Digitizing the Vatican’s OPAC — and those other things, too

Image courtesy of Liviu Degeratu.

I was fortunate enough to spend my spring break experiencing the historical, artistic, and culinary wonders of Italy.  I was fortunate enough to tour the Vatican Museums while I was there – if you haven’t been there before, you must go if you ever make it to Rome, as it is one of the most magnificent places I have ever been.  Fittingly, it has a legendary library with an amazing collection – none of which was available to me.

Fortunately, I won’t have to wait long to experience texts from the library right here in the United States EMC, a corporation specializing in electronic storage, has announced that it is going to support the Vatican Apostolic Library in digitizing  its entire collection.  The list of materials included in the Vatican’s catalog is impressive, including a copy of the first book printed, the Sifra, and roughly forty million other pages of information.

This project is essentially the dream of any information professional: a tremendously well-funded effort supported by a big data powerhouse with the potential to attract the best librarians in the business to its cause.  I am eager to see records from the project as they are produced – but also to let this initiative inspire my own career.   I will be fortunate to ever work with a project half as well-funded and supported as the Vatican’s, but that doesn’t mean that I can’t use it to guide my own initiatives to success in my future library.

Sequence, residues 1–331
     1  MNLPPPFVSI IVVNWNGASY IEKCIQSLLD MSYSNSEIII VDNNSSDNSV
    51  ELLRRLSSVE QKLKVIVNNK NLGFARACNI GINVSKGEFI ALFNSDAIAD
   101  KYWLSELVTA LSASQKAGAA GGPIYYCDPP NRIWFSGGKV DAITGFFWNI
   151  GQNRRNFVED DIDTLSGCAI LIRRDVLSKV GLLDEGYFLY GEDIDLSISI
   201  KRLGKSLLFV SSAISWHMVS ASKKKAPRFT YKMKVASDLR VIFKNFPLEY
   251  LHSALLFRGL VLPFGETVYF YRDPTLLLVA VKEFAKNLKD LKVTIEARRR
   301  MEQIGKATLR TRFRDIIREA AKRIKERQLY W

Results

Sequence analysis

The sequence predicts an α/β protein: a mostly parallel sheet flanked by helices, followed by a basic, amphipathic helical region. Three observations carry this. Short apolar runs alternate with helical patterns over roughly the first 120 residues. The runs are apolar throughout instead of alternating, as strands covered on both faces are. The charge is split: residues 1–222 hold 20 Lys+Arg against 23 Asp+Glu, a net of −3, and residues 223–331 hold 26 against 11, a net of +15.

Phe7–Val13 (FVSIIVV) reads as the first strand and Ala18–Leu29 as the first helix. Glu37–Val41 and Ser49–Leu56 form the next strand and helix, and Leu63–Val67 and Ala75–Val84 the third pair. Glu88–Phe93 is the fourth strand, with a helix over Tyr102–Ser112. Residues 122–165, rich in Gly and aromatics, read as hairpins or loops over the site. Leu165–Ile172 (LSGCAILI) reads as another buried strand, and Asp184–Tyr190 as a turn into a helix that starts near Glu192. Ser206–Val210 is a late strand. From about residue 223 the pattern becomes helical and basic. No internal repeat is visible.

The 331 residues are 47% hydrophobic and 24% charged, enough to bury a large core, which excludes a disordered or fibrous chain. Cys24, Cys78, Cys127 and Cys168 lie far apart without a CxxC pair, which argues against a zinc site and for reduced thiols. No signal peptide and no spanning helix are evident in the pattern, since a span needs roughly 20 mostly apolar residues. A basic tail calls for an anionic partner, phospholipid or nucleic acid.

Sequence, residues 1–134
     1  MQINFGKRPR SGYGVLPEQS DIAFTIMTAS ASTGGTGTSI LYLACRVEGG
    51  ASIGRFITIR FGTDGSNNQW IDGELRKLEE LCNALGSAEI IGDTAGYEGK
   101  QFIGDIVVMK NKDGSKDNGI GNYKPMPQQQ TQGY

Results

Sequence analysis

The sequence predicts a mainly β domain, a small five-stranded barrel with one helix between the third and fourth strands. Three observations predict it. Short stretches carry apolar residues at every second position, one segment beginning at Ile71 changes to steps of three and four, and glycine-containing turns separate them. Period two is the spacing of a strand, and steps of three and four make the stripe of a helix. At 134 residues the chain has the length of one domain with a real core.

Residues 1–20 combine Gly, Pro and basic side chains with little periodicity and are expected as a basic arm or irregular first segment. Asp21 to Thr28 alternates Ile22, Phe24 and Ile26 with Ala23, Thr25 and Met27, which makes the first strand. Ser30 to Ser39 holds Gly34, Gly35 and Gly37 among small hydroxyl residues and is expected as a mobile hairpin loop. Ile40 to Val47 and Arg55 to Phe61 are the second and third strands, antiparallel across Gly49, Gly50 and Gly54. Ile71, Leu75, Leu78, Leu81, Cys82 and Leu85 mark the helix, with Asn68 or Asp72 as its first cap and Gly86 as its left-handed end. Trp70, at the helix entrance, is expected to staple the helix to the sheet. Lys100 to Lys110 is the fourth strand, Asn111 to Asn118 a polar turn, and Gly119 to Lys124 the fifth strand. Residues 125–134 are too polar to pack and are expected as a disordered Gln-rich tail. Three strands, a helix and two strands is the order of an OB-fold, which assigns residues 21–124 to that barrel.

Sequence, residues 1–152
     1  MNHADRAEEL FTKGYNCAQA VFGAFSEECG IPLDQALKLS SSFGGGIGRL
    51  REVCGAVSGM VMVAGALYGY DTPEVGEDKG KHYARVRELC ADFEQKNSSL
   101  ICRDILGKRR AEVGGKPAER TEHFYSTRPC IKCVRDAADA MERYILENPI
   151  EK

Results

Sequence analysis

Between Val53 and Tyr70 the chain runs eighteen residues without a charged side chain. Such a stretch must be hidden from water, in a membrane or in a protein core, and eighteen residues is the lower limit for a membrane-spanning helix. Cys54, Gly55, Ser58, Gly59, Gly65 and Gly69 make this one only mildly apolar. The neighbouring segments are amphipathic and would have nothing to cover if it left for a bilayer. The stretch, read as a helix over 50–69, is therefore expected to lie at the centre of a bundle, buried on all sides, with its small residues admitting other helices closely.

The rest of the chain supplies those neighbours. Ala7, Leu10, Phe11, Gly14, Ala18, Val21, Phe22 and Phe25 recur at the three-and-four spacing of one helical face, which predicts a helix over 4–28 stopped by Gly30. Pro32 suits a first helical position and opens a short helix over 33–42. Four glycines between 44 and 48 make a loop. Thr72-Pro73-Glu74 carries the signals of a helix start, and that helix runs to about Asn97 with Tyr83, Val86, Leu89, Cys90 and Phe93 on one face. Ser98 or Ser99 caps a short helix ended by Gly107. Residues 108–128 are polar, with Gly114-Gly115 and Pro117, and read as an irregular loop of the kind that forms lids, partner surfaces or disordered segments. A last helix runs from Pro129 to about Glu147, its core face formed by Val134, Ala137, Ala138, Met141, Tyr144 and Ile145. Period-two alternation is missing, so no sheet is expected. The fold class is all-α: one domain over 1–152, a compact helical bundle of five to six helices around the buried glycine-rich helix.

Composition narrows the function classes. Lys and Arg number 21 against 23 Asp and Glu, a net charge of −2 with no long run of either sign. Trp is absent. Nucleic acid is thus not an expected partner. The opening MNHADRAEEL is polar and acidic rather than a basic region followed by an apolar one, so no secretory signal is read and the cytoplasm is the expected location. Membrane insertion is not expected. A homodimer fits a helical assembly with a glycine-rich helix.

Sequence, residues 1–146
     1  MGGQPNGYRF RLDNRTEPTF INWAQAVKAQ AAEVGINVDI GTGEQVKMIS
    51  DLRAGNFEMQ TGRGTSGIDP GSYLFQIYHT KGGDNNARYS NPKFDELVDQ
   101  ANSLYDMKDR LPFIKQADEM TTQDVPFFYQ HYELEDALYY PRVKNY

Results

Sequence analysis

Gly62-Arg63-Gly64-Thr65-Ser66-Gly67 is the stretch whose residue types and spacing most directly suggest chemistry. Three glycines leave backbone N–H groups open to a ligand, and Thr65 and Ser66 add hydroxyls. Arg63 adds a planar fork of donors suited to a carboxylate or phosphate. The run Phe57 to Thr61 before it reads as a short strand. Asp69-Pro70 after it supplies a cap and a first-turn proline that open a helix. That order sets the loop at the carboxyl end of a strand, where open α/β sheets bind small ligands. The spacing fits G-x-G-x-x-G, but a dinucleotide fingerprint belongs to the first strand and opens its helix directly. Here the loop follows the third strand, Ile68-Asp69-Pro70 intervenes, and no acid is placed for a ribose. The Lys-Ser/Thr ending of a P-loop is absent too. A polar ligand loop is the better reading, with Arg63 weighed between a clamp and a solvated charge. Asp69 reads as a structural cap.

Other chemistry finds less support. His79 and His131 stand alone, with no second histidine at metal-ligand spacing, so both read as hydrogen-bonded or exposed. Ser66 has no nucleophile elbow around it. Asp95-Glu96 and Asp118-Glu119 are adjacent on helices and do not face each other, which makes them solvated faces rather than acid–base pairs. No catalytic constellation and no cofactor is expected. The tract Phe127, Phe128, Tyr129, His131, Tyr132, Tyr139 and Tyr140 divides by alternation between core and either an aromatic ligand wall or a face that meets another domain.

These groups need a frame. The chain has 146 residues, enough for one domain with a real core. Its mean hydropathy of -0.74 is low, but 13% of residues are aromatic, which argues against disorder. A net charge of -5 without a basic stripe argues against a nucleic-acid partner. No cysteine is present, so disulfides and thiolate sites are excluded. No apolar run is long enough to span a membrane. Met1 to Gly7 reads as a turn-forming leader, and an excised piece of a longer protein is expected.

EMC and the Vatican are doing three things that I believe will make this digitization initiative unbelievably successful.  First, they are sensationalizing the materials to be digitized.  The EMC’s press release names some of the collection’s most valuable and revered items and only names the others by sheer volume.  Next, they are promoting the project through the EMC press release and related posts throughout the blogosphere.  Finally, they are targeting the correct audience – bibliophiles like myself.  Posts like John Rath’s on Data Center Knowledge target information professionals, the people who will get excited about the project and promote it through word-of-mouth in their communities.

“Sensationalization,” promotion, and targeting; these three deceptively simple tactics will help to make the Vatican’s project tremendously successful.  Believe me, I will find a way to incorporate each of those into any major project I contribute to in the future.


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